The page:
In three years, the U.S. will mark the 100th anniversary of its April 6, 1917 entry into the “Great War,” later known as World War I. Family heirlooms, artifacts, keepsakes and other mementos gathered by relatives who served in that war in can help preserve the legacy of area veterans.
In a release, Sherryl Miller, director of the Lonoke County Museum, and Mike Polston, director of the Cabot Schools Museum of American History, announced a cooperative project to preserve the history of not only Lonoke County WWI veterans, but of anyone who served.
With the passing of the veterans much of the history has been lost forever; Frank W. Buckles, the last U.S. WWI veteran died Feb. 27, 2011.
Their stories are in danger of being forgotten, but much of their history remains intact with their letters, diaries and photos that are now preserved by loving family members, the press release notes.
“During the next few months the staffs of the cooperating museums hope to collect and preserve as much of this history as possible. Preserve it before it is lost forever,” the press release said.
Families who are willing to share diaries, letters, documents, photos or stories of relatives who served in WWI are asked to contact the museums. While items from Lonoke County veterans are especially sought, any war items are appropriate.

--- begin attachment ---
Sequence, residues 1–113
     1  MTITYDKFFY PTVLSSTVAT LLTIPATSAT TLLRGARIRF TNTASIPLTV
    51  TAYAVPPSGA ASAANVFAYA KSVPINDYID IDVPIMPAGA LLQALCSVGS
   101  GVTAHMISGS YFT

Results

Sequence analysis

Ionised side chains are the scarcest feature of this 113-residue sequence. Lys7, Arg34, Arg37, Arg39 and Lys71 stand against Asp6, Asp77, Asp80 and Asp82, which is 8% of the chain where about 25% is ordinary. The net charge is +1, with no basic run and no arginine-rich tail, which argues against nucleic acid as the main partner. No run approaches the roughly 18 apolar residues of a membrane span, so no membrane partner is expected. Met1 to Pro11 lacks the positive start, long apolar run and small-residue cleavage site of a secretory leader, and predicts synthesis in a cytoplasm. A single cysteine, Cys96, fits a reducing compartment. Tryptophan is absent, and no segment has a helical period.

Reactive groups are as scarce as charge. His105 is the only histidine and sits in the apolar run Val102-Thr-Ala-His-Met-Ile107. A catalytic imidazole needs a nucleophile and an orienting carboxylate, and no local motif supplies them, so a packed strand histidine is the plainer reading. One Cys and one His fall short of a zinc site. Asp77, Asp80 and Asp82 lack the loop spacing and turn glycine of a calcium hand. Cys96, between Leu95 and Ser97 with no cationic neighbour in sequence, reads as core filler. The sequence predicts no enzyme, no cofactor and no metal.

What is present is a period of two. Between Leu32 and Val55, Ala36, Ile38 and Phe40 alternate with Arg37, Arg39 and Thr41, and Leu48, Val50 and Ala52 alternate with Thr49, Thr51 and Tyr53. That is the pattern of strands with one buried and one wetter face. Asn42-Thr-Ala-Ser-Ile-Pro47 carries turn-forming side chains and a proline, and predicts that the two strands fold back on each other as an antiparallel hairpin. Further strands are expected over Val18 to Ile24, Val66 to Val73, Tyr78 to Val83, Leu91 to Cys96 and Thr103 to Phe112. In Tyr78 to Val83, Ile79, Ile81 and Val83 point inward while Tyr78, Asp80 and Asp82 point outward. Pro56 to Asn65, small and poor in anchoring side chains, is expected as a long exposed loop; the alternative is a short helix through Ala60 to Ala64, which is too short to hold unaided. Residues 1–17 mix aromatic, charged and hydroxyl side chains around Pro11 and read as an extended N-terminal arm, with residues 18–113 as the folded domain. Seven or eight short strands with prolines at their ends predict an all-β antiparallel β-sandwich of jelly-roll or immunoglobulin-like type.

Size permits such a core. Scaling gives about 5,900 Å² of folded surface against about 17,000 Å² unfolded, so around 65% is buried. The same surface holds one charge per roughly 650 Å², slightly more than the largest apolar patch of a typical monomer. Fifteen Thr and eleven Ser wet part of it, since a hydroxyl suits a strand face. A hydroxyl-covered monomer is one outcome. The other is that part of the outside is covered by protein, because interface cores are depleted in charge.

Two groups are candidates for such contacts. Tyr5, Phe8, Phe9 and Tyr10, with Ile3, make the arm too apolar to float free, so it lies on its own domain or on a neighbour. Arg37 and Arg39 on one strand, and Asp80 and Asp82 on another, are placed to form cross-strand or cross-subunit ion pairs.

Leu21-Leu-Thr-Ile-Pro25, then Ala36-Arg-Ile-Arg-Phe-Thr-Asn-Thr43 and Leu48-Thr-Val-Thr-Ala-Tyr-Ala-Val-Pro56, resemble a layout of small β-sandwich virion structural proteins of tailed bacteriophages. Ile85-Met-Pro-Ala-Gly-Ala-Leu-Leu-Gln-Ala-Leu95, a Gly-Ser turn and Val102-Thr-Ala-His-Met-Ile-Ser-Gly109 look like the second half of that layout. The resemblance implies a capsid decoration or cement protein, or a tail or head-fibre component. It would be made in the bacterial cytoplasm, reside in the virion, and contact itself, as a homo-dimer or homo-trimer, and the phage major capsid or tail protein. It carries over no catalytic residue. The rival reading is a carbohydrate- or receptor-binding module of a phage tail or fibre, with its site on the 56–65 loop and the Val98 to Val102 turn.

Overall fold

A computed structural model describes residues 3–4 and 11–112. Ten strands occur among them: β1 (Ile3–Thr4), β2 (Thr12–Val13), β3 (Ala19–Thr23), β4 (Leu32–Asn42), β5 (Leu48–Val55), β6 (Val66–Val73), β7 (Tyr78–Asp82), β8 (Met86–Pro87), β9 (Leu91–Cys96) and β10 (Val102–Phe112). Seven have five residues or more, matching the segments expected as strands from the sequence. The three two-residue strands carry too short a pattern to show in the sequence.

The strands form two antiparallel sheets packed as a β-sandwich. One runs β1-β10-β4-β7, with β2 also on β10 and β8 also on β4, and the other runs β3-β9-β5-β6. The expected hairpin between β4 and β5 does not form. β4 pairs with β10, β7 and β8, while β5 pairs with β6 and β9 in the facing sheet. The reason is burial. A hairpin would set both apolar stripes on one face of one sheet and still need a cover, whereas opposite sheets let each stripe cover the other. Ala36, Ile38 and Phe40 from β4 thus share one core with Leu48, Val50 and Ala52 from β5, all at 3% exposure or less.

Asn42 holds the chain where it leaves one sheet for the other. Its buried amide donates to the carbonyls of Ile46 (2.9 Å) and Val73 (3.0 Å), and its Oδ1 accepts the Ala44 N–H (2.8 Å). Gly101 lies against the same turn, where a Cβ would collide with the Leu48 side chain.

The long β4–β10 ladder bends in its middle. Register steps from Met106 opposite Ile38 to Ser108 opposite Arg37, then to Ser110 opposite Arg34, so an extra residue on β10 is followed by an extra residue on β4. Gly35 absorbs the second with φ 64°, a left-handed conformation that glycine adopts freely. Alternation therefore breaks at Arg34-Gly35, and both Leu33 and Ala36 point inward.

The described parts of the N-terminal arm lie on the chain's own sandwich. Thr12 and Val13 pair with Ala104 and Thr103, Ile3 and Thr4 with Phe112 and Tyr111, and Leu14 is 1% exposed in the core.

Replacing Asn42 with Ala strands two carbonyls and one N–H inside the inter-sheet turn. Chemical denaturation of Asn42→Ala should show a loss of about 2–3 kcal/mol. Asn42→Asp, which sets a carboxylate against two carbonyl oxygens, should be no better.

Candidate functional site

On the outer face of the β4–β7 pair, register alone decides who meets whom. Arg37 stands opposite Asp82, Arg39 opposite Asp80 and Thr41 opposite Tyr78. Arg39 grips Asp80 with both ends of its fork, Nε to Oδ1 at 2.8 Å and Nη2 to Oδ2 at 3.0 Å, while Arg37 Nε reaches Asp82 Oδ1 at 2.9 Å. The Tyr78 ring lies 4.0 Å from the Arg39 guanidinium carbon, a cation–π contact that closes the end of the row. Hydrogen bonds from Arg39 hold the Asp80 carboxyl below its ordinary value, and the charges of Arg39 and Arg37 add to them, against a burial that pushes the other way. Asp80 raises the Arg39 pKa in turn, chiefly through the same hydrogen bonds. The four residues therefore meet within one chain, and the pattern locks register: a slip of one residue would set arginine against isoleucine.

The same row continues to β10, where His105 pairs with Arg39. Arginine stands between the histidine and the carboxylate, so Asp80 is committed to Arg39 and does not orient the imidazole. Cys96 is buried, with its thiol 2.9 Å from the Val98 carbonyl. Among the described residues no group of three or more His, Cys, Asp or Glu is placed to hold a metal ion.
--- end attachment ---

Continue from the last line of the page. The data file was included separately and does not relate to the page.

“We are hoping that people will donate the original items to the museums,” Polston said. “That way they can be cared for and preserved for future generations.”
If families prefer not to relinquish their mementos, the museum can preserve copies of the items – diaries and letters would be transcribed and photos copied and returned to the original owners. The copies would then be available in the museum collections for future research.
Artifacts such as uniforms and war souvenirs will also be gladly accepted. Such artifacts would be added to the WWI exhibits already in place or used in future exhibits.
Plans are for new exhibits of donated materials, with at least one proposed exhibit solely of Lonoke County related items.
Lonoke County’s role in the war would be exhibited through photos of individual soldiers, Eberts Field and other war-related activities.
“We have not seen any photos of county patriotic activities such as bond rallies or parades” Miller said. ”But we are sure they must exist.” The photo exhibits would be displayed at each museum and perhaps a traveling display at other locations in the county.
“This is to be a county wide project and will be successful only if the people throughout the county will share their family’s history with all of us. Don’t let history fade away into a memory, become proactive and help preserve it,” Miller said.
Anyone interested in sharing items can call Polston at 501-286-9665, or Miller at 501-676-6750